The joy, relief and excitement of readmitting visitors is being felt by heritage attractions across the British Isles as government restrictions reach their penultimate stage of relaxation.
The feeling of a sunny half term holiday which heralds the return of both the public and furloughed staff could not, however, be more starkly opposed to the picture in March of last year.
Almost immediately after the Prime Minister’s initial announcement that people should remain at home except for essential travel, things looked bleak for the entire heritage sector. In fact, the new report reveals that 98% of heritage organisations were impacted within the first three weeks of the pandemic taking hold.
It fell on National Lottery Heritage Fund to effectively keep a whole industry afloat.
The hastily co-ordinated Heritage Emergency Fund was established within weeks and, somewhat unbelievably given the external pressures on staff involved, proved a comprehensive and hugely effective mechanism for survival.
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£49,829,600 was released to 961 organisations across the UK. Distributed in the form of worry-eviscerating grants, the fiscal care packages ensured countless institutions remained afloat and able to return to varying levels of operations in the months that followed.
“In March 2020 the UK’s heritage faced its gravest threat since the Second World War,” notes Ros Kerslake, chief executive of National Lottery Heritage Fund.
“I am proud of how quickly our staff galvanised to get money out of the door quickly, and I am confident that our quick action not only helped heritage survive the year but has also helped to make organisations more resilient for the future.”
The Heritage Emergency Fund Evaluation Final Report, which Kerslake says provides “key insight into how heritage was affected as well as how we as a funding body can continue to help them innovate and adapt going forward”, unsurprisingly highlights economic stresses as the pandemic’s largest impact on the sector.
The majority of organisations that received Heritage Fund support used at least some of their emergency funding to cover staff costs, building maintenance, utility bills and other overheads.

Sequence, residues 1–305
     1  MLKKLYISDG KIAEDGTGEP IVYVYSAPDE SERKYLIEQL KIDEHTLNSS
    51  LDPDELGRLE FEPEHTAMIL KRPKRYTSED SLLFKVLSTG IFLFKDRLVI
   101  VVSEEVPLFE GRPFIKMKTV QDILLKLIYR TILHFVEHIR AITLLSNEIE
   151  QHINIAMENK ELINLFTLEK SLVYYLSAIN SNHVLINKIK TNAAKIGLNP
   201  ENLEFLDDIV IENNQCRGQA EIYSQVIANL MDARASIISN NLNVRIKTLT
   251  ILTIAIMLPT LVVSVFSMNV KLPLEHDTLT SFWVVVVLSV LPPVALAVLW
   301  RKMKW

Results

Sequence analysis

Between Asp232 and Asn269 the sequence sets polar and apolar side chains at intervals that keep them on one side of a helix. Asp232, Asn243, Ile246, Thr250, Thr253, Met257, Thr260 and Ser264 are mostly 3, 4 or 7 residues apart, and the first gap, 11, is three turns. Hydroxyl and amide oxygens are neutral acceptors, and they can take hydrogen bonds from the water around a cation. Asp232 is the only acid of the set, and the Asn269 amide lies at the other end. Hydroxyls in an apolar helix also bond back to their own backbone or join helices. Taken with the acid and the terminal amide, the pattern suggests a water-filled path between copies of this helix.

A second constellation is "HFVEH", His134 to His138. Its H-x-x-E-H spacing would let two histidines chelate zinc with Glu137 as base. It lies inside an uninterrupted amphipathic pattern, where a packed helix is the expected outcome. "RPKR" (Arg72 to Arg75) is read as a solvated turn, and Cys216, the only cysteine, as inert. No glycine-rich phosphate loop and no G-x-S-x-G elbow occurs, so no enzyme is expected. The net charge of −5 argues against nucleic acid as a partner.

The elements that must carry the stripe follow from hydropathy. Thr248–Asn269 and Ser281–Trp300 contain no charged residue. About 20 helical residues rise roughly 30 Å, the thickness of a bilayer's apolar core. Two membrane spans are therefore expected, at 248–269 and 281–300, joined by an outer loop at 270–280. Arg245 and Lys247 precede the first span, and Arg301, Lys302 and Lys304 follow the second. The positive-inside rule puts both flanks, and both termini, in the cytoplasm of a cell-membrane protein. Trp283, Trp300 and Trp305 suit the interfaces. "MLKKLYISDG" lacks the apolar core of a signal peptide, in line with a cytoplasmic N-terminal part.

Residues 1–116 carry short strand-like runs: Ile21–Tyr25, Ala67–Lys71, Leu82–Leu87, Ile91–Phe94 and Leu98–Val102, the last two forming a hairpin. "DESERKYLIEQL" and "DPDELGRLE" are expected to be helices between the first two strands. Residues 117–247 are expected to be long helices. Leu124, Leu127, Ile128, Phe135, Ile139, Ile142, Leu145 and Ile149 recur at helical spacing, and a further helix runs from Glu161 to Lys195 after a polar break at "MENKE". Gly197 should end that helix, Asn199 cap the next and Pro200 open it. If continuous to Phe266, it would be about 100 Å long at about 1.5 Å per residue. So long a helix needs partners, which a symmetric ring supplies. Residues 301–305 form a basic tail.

Significant expenditure for more than two thirds of respondents was also the implementation of safety protocols and social distancing measures; a spend that, while swallowing up some of the Heritage Fund grant, delivered the dual benefits of visitor confidence and the ability to safely welcome back staff and volunteers.
The report also found that not even outdoor landscape and nature sites – allowed to reopen far sooner than indoor counterparts – had a simple time of it.
Greater public interest in these attractions meant more staff were needed and Mourne Heritage Trust in County Down, for instance, saw a spike in problems including littering, wildfires and footpath damage as visitor numbers skyrocketed – all of which led to increased outgoings.
As the year progressed and lockdown reality became less of a shock, it appears from data gathered in the report that grant recipients began to focus more on how emergency support could be utilised to reimagine business models.
Examples cited in the study include Boundary Way, a Wolverhampton allotment organisation, which created online workshops and videos that reached audiences far beyond the local community, and online concerts held by Trafalgar Square’s St-Martins-in-the-Fields church.
These instances of forward planning became far more prevalent when National Lottery Heritage Fund was selected to administer the government’s flagship Culture Recovery Fund and Green Recovery Challenge Fund.
As organisations’ futures looked increasingly secure, focuses shifted to finding new ways of working – accepting that a return to ‘normal’ was not a viable option.
Embracing digital opportunities, addressing societal shifts – the Covid hardship coincided with global Black Lives Matter demonstrations – and revaluating the importance of green spaces to health and wellbeing were all highlighted by respondents to Heritage Fund surveys.
While alleviating stress and ensuring attractions could install the necessary safety measures has been rewarding for the funding body, nothing compares to seeing the nation’s heritage sector fling open its doors once more.
“As we emerge from a year of restrictions across the UK, it is exciting to see so many National Lottery-funded projects open, many for the first time after major transformations,” Kerslake excitedly states.
Despite some heritage attractions remaining unable to reopen quite yet, National Lottery Heritage Fund plans to make this a summer of celebration. Brand new or renovated sites will be central to this, with the organisation lauding the achievements at locations such as Dorset County Museum and Derby’s Museum of Making.
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Other sites poised to reopen in the coming weeks after receiving substantial Heritage Fund support include the Museum of the Home, set to open on 12th June, and Nottingham Castle, which will welcome visitors nine days later.
“Heritage is playing a key part in the country’s recovery, not only in kick-starting the economy, but in helping to improve wellbeing, bringing back that sense of optimism and excitement that has been so missing from our lives recently,” Kerslake concludes.
The full Heritage Emergency Fund Evaluation Final Report can be accessed here.